In 1932 she fled back to New York, where, in the midst of the great economic slide, she opened her own studio. Before long, one of her clients was Aziz Eloui Bey, in America on business to purchase railroad equipment. The affair was on again, and Miller surprised nearly everyone by marrying him, ditching her demanding career, leaving the country, and embarking on a leisurely existence in a mansion on the Island of Giza. It took a while, but the tedium took its toll on the restless Miller. By 1937, with war clouds gathering over Europe, she returned to Paris and took up with the painter Roland Penrose, her ticket—as things worked out—to England and relative safety as war broke out.

Miller began taking photos of scenes of resistance and destruction—photos that were later collected in Grim Glory: Pictures of Britain Under Fire. Her artistic style was fully on display in a different context: “These shots of bombed-out London made the war seem to have been orchestrated by a demonic intelligence with an ironic Surrealist humor and a taste for macabre, ghastly tableaux.” (Prose)

She was preparing for entry into the belly of the beast. In December 1942, she was accredited by the US Army as a war photographer, and in July 1944 (age 37), a month after the Allied invasion of Normandy, she teamed with a twenty-five-year-old American photojournalist, documenting the aftermath of the first combat use of napalm, the horrors of Buchenwald, the incongruous bucolic countryside, the plight of refugees, the execution of Hungarian fascist ex-Prime Minister Laszlo Bardossy.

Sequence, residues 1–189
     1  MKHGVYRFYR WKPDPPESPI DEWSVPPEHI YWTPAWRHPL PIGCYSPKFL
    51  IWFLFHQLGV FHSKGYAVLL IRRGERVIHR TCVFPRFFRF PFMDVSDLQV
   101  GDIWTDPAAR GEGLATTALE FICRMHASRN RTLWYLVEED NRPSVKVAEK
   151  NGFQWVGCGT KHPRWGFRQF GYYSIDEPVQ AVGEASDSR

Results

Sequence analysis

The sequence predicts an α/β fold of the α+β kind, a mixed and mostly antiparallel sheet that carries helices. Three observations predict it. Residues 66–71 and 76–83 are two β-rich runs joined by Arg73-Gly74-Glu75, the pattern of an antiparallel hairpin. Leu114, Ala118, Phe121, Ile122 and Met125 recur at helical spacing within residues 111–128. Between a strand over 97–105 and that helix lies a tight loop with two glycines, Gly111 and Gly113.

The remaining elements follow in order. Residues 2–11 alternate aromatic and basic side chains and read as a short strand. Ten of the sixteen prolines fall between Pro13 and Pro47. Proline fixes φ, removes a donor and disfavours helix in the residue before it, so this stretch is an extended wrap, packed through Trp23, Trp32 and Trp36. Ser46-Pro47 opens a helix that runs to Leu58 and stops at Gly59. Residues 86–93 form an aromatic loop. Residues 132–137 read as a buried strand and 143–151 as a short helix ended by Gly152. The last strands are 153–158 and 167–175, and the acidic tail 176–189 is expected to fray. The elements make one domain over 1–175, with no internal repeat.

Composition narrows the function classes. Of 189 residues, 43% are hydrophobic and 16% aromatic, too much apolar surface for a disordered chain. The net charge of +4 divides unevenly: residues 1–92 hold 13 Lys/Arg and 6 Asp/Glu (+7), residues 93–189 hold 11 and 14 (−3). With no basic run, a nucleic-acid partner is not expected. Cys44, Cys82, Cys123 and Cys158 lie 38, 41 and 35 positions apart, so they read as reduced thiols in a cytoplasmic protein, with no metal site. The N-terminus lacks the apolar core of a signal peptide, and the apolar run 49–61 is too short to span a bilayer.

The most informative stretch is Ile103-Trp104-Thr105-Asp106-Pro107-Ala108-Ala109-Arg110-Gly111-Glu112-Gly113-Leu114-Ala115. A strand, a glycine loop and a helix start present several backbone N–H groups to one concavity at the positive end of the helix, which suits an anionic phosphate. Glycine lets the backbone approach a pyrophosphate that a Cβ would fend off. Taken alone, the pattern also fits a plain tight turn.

She was drinking a lot, and no wonder. By the time she returned to England, she was a wreck. By May 1947 she had stabilized enough to marry Penrose before, in September, giving birth, at age forty, to her only child.

Lee Miller’s artistry did not die with motherhood in middle age. Based at the family farmhouse in Sussex, England, she occasionally undertook photography assignments, but that was the scene of her social life with visiting artists, embracing gourmet cooking. But for the rest of her life she exhibited signs of being haunted by her wartime experiences. She died 21 July 1977, age seventy years three months, from cancer at home in Sussex.